By Lesley Wroughton and John Walcott
WASHINGTON (Reuters) – The United States is using quiet diplomacy to persuade the Philippines, Indonesia, Vietnam and other Asian nations not to move aggressively to capitalize on an international court ruling that denied China’s claims to the South China Sea, several U.S. administration officials said on Wednesday.
“What we want is to quiet things down so these issues can be addressed rationally instead of emotionally,” said one official, who spoke on the condition of anonymity to describe private diplomatic messages.
Some were sent through U.S. embassies abroad and foreign missions in Washington, while others were conveyed directly to top officials by Defense Secretary Ash Carter, Secretary of State John Kerry and other senior officials, the sources said.
“This is a blanket call for quiet, not some attempt to rally the region against China, which would play into a false narrative that the U.S. is leading a coalition to contain China,” the official added.
The effort to calm the waters following the court ruling in The Hague on Tuesday suffered a setback when Taiwan dispatched a warship to the area, with President Tsai Ing-wen telling sailors that their mission was to defend Taiwan’s maritime territory.
The court ruled that while China has no historic rights to the area within its self-declared nine-dash line, Taiwan has no right to Itu Aba, also called Taiping, the largest island in the Spratlys. Taipei administers Itu Abu but the tribunal called it a “rock”, according to the legal definition.
The U.S. officials said they hoped the U.S. diplomatic initiative would be more successful in Indonesia, which wants to send hundreds of fishermen to the Natuna Islands to assert its sovereignty over nearby areas of the South China Sea to which China says it also has claims, and in the Philippines, whose fishermen have been harassed by Chinese coast guard and naval vessels.
One official said new Philippine President Rodrigo Duterte remains “somewhat of an unknown quantity” who has been alternately bellicose and accommodating toward China.
Philippine Defense Secretary Delfin Lorenzana said that ahead of the ruling he had spoken to Carter, who he said told him China had assured the United States it would exercise restraint, and that the U.S. government made the same assurance.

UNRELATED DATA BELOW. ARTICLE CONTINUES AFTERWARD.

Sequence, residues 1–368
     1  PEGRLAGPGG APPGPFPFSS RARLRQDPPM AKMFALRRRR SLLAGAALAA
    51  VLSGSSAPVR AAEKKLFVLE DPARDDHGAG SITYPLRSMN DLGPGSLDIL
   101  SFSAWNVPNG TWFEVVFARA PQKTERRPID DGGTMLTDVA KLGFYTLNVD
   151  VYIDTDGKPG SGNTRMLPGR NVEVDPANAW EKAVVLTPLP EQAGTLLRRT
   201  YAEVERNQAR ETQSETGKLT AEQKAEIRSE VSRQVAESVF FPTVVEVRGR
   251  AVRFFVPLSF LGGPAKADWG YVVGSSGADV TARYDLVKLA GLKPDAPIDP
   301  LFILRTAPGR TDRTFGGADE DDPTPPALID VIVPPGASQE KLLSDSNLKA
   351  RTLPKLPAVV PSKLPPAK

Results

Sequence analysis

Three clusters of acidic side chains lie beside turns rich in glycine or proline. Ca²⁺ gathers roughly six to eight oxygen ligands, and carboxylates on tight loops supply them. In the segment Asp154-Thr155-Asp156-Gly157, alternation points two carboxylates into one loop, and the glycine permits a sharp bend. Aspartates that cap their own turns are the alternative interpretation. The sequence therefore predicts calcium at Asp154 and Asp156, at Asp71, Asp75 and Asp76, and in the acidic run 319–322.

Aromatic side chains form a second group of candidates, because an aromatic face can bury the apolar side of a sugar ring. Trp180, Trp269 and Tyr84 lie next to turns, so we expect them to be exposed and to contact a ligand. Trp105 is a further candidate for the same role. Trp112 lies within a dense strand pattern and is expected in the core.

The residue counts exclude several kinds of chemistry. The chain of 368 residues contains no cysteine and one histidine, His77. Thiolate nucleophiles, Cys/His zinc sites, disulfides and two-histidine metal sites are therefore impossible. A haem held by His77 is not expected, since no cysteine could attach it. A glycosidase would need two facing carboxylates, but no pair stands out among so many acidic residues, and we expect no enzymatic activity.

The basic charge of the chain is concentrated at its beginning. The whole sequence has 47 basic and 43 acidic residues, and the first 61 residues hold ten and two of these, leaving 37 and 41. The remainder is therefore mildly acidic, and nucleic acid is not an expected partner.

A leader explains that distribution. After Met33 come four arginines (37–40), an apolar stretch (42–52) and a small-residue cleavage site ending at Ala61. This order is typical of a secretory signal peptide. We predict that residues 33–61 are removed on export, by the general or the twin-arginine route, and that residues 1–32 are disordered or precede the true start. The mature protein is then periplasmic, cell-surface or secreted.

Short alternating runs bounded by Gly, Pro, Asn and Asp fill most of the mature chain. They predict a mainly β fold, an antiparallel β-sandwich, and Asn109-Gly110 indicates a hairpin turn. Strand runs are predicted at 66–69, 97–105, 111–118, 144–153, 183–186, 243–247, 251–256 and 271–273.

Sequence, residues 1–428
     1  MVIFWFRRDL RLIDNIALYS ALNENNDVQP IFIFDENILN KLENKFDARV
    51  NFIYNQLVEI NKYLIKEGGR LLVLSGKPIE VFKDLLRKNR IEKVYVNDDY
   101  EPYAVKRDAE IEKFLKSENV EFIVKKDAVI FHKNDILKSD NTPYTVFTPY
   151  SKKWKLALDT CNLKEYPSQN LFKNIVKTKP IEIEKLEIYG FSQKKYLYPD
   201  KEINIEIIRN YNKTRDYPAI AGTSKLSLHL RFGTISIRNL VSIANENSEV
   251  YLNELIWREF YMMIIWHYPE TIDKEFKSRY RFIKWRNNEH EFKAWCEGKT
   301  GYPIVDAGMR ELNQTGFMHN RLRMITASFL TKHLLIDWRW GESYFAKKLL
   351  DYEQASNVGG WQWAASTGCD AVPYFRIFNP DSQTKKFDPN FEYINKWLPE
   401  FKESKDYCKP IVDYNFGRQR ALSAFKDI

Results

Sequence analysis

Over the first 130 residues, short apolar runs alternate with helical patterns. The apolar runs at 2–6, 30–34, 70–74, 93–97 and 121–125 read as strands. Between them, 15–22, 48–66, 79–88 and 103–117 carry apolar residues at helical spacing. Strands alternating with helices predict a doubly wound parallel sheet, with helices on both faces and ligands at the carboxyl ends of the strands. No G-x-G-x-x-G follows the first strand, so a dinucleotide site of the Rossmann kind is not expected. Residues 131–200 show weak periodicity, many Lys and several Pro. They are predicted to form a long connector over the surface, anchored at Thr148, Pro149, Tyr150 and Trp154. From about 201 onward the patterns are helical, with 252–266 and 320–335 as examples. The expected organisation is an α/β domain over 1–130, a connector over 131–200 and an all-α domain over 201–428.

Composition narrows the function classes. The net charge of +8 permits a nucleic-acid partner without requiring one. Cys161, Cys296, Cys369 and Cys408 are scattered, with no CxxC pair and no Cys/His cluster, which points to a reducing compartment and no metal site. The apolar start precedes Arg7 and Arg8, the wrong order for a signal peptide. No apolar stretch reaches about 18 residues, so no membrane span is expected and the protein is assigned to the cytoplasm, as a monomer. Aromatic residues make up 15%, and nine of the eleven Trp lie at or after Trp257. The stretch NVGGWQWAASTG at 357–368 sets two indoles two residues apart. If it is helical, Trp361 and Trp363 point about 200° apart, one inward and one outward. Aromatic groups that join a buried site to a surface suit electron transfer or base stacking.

Carter had sought and been given the same assurance from the Philippines, Lorenzana added.
Meanwhile, two Chinese civilian aircraft landed on Wednesday at two new airports on reefs controlled by China in the Spratly Islands in the South China Sea, a move the State Department said would increase tensions rather than lower them.
“We don’t have a dog in this fight other than our belief … in freedom of navigation,” State Department spokesman Mark Toner told a briefing on Wednesday. “What we want to see in this very tense part of Asia, of the Pacific, rather, is a de-escalation of tensions and we want to see all claimants take a moment to look at how we can find a peaceful way forward.” CONTINGENCY PLANHowever, if that effort fails, and competition escalates into confrontation, U.S. air and naval forces are prepared to uphold freedom of maritime and air navigation in the disputed area, a defense official said on Wednesday.
Democrat Ben Cardin of Maryland, a senior member of the Senate Foreign Relations Committee, said confrontation is less likely if the Philippines, Indonesia, Vietnam and other countries work with the United States rather than on their own.
“I don’t think China wants a confrontation with the United States,” he told reporters. “They don’t mind a confrontation with a Vietnamese fishing boat, but they don’t want a confrontation with the United States.”
The court ruling is expected to dominate a meeting at the end of July in Laos of the 10-member Association of Southeast Asian Nations (ASEAN), which includes the Philippines, Malaysia, Indonesia, Myanmar, Vietnam and Thailand.
U.S. Secretary of State John Kerry, and his Chinese counterpart, Foreign Minister Wang Yi, will attend the ministerial.
Sino-American relations suffered two fresh blows on Wednesday as a congressional committee found China’s government likely hacked computers at the U.S. Federal Deposit Insurance Corporation and the United States challenged China’s export duties on nine metals and minerals that are important to the aerospace, auto, electronics and chemical industries.
(Additional reporting by Patricia Zengerle and Yara Bayoumy; Editing by John Walcott, Kieran Murray and Grant McCool)